Travel Guide Oceania Micronesia Northern Mariana Islands Saipan



RC Church in Garapan, Saipan

RC Church in Garapan, Saipan

© dadmin

Saipan is the capital of the Northern Mariana Islands and has a population of about 70,000 people. The name Saipan refers to both the island and the main settlement on the island. It is a popular tourist destination in the Pacific and the western side of the island is lined with sandy beaches and an offshore coral reef which creating a large lagoon. This island is an extremely popular tourist destination for Japanese, Korean and Chinese tour groups. All the tourist facilities are to be found on Saipan Island and if you like beaches, snorkelling and diving you came to the right place.



Sights and Activities

WWII Sites

Saipan, Guam, and many other islands of the Marianas were all important battle sites during WWII, and many Japanese bunkers and armaments still exist on these islands. These sites are managed by the National Park Service under the "War in the Pacific" Parks designation. Saipan is fairly small and by renting a car or moped, it is easy to drive around the island and take in the natural splendor, as well as visit a number of parks. Scuba diving is also popular, and the underwater world should definitely be seen. Banzai Cliff and Suicide Cliff, on the northern tip of the island, were sites where thousands of Japanese civilians, trying to escape the fighting and convinced by the Japanese Army that they would be killed by the Americans, jumped to their deaths in the Battle of Saipan in 1944. The former is by the sea while the latter is on the rock outcropping overlooking it. Numerous Japanese memorials mark the sites.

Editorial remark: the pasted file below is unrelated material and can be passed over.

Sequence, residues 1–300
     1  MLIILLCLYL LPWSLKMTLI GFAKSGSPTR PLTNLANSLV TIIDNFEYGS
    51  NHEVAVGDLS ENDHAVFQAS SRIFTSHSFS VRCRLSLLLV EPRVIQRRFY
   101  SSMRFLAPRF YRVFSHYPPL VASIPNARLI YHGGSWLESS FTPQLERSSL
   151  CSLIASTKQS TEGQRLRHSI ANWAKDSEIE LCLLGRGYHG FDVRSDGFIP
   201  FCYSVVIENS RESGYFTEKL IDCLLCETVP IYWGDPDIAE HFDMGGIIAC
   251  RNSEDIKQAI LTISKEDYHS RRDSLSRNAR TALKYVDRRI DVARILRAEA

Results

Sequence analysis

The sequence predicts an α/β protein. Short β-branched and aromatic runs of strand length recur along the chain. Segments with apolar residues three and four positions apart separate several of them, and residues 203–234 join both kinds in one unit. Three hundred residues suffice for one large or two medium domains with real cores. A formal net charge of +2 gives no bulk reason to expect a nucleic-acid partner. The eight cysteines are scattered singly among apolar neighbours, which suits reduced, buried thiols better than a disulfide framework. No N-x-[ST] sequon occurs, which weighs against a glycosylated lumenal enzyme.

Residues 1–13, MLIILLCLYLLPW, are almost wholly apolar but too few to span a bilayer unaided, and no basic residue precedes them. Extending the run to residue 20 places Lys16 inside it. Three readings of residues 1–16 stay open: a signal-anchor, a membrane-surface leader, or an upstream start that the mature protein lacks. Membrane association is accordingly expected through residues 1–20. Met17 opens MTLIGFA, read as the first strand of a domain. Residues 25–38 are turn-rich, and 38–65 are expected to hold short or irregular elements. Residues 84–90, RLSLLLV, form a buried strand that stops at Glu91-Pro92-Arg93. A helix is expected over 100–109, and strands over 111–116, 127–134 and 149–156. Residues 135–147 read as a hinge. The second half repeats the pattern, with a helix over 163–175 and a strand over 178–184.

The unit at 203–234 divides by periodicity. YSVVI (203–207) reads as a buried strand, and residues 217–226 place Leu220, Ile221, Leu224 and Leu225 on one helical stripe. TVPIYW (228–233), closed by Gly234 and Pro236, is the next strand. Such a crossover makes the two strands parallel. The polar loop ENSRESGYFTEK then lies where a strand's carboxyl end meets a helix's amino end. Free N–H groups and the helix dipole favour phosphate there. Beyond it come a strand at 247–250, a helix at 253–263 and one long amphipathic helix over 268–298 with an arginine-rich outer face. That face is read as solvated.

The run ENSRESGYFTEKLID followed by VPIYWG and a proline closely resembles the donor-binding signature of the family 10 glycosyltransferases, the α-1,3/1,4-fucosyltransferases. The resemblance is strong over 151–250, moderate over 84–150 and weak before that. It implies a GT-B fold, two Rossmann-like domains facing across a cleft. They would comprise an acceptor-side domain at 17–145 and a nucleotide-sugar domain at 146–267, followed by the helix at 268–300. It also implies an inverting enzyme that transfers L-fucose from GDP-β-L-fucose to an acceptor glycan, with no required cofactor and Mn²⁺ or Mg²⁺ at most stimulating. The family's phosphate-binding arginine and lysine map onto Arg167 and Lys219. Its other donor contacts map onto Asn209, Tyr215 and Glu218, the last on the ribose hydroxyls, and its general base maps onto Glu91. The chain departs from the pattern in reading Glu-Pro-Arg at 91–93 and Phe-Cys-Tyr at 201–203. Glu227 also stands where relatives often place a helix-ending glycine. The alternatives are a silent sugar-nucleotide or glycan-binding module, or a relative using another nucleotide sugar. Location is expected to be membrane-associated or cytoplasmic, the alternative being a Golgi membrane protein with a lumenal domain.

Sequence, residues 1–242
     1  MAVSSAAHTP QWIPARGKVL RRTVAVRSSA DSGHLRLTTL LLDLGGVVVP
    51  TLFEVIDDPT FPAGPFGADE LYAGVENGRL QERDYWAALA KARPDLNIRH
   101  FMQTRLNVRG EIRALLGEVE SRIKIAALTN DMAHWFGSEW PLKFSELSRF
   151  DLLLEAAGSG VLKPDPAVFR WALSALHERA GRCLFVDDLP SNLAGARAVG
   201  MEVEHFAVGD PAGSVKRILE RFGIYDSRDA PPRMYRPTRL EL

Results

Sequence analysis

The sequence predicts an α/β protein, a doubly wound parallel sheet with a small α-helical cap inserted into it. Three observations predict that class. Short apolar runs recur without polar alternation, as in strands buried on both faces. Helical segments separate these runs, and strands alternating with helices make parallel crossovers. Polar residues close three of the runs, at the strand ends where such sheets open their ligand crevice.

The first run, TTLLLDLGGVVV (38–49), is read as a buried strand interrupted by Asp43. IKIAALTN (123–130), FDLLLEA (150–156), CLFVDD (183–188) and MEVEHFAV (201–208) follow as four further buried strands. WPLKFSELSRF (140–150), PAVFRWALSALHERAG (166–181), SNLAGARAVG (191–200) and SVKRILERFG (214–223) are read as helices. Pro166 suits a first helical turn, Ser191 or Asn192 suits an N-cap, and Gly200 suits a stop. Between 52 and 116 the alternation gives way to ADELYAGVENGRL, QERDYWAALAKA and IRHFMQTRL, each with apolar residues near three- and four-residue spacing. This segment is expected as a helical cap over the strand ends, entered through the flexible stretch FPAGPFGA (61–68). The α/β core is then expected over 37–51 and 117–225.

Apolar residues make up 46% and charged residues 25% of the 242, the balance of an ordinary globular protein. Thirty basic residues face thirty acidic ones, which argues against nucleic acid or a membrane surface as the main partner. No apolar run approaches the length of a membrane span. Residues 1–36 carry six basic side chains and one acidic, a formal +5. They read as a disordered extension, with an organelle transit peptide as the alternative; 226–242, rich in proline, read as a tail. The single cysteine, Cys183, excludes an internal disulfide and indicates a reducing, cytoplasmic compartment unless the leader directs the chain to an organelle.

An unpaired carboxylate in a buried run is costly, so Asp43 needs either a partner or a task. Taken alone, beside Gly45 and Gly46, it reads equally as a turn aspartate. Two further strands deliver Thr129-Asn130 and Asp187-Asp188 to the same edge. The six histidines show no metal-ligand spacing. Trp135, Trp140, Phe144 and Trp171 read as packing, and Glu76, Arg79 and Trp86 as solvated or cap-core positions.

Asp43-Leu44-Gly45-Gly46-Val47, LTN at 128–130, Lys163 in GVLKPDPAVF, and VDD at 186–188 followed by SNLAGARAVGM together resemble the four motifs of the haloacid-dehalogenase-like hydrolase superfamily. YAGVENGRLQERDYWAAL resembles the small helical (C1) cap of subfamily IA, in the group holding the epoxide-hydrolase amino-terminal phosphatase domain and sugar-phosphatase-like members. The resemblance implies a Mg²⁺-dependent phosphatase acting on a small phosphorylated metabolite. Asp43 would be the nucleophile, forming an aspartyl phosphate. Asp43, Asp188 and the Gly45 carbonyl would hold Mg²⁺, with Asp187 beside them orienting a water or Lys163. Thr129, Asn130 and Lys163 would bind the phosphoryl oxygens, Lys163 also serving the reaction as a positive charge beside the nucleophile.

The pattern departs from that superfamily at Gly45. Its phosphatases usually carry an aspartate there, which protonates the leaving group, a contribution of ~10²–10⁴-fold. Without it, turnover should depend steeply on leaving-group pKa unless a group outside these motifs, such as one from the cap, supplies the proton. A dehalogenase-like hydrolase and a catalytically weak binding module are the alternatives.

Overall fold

• The Grotto - an amazing underwater cave voted the 2nd best in the world by Skin Dive Magazine.
  • Wing Beach - This dive site includes some nice black coral, several downed World War II planes and lots of octopi.
  • Eagle Ray City - a rock formation that on a good day will have up to 40 eagle rays swimming around.
  • Ice Cream - Located on the west side of Saipan this seamount, like Dimple, is home to eels, anemones, eagle rays and fish.